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Floor Care: Protecting the Investment
Floors are a reflection of style and taste — the initial impression created when a person enters a facility — and they make a truly a lasting impression. Organizations invest a considerable amount of time and money in choosing the right flooring for a facility, based on function and aesthetics.
To protect this investment, housekeeping managers need to maintain the appearance and extend the life of the flooring. Proper floor care starts with architects and the interior designers specifying the correct flooring material for its application. Beyond installation, it is up to managers to make sure in-house staff or contracted services maintains the floor in a proper and efficient manner.
Unfortunately, in too many cases, architects specify flooring more for aesthetics and less for functionality, and managers make the mistake of assuming in-house staff or contracted services already know the best equipment, chemicals, schedules and tasks to keep floors looking their best. Unfortunately, this too often is not the case.
Two Steps Forward
Proper floor care and maintenance consists of two equally important steps. The first step is to identify the various flooring materials that are commonly used in facilities, whether it soft flooring — such as carpet — or hard flooring. Hard-flooring material generally falls into six categories:
• Resilient, including vinyl composition tile, sheet vinyl, rubber, cork, and solid luxury vinyl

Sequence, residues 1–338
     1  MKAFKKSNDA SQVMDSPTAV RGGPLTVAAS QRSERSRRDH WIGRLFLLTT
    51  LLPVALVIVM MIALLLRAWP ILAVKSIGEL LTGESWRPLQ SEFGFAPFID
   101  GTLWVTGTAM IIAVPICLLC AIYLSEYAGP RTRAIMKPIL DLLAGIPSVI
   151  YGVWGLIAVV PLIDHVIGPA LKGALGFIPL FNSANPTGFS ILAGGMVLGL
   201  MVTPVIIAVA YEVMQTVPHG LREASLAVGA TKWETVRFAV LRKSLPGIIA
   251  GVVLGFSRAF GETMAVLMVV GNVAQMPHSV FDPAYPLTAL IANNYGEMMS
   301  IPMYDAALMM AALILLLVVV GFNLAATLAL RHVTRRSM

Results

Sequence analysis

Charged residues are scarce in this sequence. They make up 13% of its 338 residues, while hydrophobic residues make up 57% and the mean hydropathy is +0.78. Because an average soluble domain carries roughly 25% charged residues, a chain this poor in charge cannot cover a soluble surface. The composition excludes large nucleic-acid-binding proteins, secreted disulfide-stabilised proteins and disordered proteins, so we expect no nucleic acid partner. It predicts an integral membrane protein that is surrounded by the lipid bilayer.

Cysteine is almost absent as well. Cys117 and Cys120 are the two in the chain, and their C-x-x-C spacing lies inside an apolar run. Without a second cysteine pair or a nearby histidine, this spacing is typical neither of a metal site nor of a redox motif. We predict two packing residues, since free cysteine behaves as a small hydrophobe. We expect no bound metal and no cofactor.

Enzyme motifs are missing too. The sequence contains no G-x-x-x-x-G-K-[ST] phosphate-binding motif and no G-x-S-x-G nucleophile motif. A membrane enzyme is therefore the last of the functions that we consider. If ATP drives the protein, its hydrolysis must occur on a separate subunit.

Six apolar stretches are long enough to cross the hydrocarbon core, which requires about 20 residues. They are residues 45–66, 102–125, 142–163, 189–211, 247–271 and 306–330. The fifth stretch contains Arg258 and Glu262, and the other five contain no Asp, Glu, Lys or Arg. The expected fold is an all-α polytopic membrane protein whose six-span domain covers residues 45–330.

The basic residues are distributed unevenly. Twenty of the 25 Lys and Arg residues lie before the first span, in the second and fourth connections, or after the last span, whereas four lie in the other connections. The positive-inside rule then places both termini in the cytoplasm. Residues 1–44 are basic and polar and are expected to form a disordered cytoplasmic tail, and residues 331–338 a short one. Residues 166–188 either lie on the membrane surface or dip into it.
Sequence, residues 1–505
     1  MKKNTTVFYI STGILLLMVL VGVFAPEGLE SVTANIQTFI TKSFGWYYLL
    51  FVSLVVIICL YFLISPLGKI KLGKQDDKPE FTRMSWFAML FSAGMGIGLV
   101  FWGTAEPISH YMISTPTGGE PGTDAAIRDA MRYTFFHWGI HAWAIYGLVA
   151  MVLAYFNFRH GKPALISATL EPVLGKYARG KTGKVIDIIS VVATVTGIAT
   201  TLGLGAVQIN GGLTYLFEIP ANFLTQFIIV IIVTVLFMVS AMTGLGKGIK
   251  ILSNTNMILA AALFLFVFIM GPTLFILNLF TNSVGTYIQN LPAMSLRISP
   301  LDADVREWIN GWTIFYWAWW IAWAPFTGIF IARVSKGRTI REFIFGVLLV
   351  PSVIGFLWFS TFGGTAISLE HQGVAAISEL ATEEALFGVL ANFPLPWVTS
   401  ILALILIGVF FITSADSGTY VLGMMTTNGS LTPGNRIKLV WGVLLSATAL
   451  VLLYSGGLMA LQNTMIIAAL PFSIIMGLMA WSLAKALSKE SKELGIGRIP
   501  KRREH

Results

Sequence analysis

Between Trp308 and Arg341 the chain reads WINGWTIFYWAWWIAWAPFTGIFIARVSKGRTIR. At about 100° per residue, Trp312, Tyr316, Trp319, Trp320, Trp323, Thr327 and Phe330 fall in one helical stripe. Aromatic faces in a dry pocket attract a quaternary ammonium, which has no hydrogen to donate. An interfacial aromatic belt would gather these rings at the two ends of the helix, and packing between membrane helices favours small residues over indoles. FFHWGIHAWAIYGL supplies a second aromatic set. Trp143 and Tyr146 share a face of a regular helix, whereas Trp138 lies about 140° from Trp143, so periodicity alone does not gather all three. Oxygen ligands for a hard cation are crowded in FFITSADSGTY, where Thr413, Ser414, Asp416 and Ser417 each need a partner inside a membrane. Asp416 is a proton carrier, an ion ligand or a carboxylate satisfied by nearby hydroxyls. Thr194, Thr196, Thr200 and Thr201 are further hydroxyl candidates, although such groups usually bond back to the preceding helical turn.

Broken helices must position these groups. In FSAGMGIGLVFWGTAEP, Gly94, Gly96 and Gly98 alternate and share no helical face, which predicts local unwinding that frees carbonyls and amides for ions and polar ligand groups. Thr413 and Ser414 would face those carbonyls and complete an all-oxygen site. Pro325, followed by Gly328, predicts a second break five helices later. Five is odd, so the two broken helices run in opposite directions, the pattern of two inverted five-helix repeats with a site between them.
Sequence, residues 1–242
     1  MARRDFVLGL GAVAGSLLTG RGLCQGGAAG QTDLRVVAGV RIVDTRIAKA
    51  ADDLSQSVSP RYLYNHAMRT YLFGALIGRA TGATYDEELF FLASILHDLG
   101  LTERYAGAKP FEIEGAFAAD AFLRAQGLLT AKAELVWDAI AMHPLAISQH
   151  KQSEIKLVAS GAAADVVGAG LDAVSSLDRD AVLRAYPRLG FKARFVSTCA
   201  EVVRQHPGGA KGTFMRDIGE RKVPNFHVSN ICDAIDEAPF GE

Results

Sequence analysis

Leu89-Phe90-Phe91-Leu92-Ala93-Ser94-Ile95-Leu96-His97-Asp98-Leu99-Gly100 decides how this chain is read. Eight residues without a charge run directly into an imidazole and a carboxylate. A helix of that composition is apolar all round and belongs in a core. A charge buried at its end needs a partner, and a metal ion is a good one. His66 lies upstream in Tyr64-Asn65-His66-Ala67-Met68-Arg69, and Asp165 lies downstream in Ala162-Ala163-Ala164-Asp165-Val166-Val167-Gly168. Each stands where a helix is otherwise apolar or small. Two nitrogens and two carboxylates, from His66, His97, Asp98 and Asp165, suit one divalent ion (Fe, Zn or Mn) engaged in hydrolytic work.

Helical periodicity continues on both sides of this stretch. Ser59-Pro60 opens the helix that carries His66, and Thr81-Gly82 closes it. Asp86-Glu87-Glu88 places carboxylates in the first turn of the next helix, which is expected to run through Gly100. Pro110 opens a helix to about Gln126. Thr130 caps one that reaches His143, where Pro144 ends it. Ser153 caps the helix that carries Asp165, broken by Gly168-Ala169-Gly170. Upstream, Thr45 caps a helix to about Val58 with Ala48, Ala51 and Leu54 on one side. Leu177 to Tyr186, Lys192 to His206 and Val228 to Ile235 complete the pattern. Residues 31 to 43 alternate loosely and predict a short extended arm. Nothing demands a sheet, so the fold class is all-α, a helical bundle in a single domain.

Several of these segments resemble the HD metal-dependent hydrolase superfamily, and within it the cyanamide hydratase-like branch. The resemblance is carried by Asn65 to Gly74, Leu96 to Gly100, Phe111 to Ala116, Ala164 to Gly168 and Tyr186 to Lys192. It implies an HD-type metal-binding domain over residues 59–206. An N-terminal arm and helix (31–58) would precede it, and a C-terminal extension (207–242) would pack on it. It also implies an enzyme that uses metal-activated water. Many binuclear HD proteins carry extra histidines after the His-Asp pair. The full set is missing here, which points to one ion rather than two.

• Stone, including marble, granite, slate, travertine, limestone, agglomerate, and terrazzo
• Wood, including various types of solid, laminated, and engineered material
• Clay and masonry, including saltillo, ceramic, porcelain, brick, quarry, and terra cotta
• Concrete, which includes polished, coated, acid stained, dyed, overlay, integrally colored, and dry shake
• Specialty, including bamboo and cork.
The second step is developing a program to best care for flooring materials efficiently while also keeping labor and supply costs as low as possible. Floor care of any flooring must take into consideration the following conditions:
• Traffic. How many people are walking across the floor, and what is being rolled or dragged across the floor?
• Environment. What type of soil is being left on the floor?
• Congestion. What physical obstacles might hinder floor care procedures?
• Time. When can floor care tasks be performed?
• Size. What is the square footage of the area to be maintained?
With this information, a manager can develop and implement a comprehensive program to insure floors consistently look their best.
Technology has changed over the last seven or so years in terms of floor-care chemicals, supplies and equipment. Given these major changes, managers should not assume that a provider of floor-care products with 20 years of experience necessarily understands the best ways to maintain floors, especially considering some of the new materials that have entered the market.
Putting a floor finish on everything is not the answer. In fact, it would make sense for the managers to provide written specifications on procedures, chemicals, supplies and equipment to be used, based on current technology, to reduce costs and keep floors looking their best. Given its big-ticket nature, managers would do well to give floor-care equipment extra attention.
Managers face three major challenges when developing a program to properly care for flooring.
Before addressing these challenges, though, managers have one hurdle to clear: changing the way that people involved in floor care view the process. To change this mind set, managers need to educate themselves about trends and encourage in-house housekeeping staff or contracted services to change the way they perform floor care.